“We know … they still existed in 2007, when Paul Quinn was beaten to death, because Conor Murphy told the public he had ‘received reassurances’ that the IRA were not involved, and he obviously believed this …
“They hadn’t gone away in 2013 either, when Gerry Adams travelled with Austin Stack to meet an IRA representative who provided a statement saying that the organisation admitted responsibility for his father Brian’s murder,” writes Cahill.
“We know they were still kicking around in 2015 after the murder of Belfast man Kevin McGuigan, because the former Northern Irish Chief Constable George Hamilton, told us that although they were not on a ‘war footing’, the army council was still in existence then and individual IRA members were responsible.”
Garda Commissioner Drew Harris said on Friday that the Gardaí share the PSNI view that the IRA Provisional Army Council oversees both the IRA and Sinn Fein. That view is based on a 2015 joint PSNI/MI5 assessment, which the PSNI says remains operative, and which stated that IRA structures remain in existence ‘in a much-reduced form’, that the organisation is not recruiting, and that its leadership is committed to achieving a united Ireland through peaceful means.
The report stated that it was the belief of IRA members that the army council oversees both the IRA and Sinn Féin ‘with an overarching strategy’, one with ‘a wholly political focus’.
It’s often seemed apparent that Sinn Féin answers to what it might consider a higher authority. Sam McBride’s excellent book on the ‘cash-for-ash’ scandal, Burned, reveals that Máirtín Ó Muilleoir, Sinn Féin’s finance minister in the previous Stormont assembly, was running government business by unelected senior former IRA members.
If Sinn Féin were in power in what Sinn Féin members insist on calling ‘the South of Ireland’, would decisions in ‘the 26 counties’ similarly have to meet the approval of unelected hard men?
You might remember too the curious incident in August 2018 when Mary Lou McDonald – a whip-smart political operator who knows politics in what David Cullinane calls ‘The Free State’ inside-out – made the entirely sensible statement that this was not the time for a border poll on Irish unity. Within 24 hours she had made a humiliating u-turn, one which gave every impression of having been dictated from on high. Characteristically, anyone who dared suggest McDonald might not be in complete charge of her party got a prompt slap of the sexism card.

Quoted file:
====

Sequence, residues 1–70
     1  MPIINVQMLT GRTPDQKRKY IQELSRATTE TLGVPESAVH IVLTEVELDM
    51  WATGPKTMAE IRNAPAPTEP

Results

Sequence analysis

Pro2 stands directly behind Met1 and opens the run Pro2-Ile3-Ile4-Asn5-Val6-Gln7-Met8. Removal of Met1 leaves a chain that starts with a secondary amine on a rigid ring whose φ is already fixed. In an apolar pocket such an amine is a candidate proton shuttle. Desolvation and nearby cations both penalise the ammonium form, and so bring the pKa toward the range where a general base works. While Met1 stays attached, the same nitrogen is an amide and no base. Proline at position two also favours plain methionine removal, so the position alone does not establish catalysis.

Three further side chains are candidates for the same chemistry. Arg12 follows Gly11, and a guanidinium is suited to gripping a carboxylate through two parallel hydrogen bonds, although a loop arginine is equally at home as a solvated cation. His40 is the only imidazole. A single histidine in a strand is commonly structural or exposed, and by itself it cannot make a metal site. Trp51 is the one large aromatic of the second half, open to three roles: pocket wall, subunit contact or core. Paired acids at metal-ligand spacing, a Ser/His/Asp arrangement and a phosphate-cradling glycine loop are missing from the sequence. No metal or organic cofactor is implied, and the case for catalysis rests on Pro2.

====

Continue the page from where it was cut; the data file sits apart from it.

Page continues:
McDonald once described as ‘a good republican’ Thomas ‘Slab’ Murphy, the alleged former IRA chief of staff, alleged fuel-smuggling kingpin, and convicted tax evader. A 2013 cross-border raid by Gardai and PSNI officers discovered, close to Murphy’s home, a large, purpose-built torture chamber. Good republican indeed.
The simple fact is that Mary Lou McDonald is one of the ablest politicians on this island. She wouldn’t be known for deferring to anyone. It’s odd that while she can refer to it in the hazy past-tense, she has yet to announce the definitive disbanding of the Provisional IRA. When did it happen? Why wasn’t there a parade?
Like people with good jobs proclaiming on Twitter ‘I’m not a Sinn Féin supporter but’, there’s a narrative to be maintained, and McDonald performs skilfully the tortuous task of praising and defending the Provos while selling the party line that they’ve been put verifiably beyond use.
But then it’s easy for Mary Lou to say ‘The IRA have gone away’. After all, she has long-since pinned the entirety of her credibility on her stated belief that Gerry Adams was never in the IRA.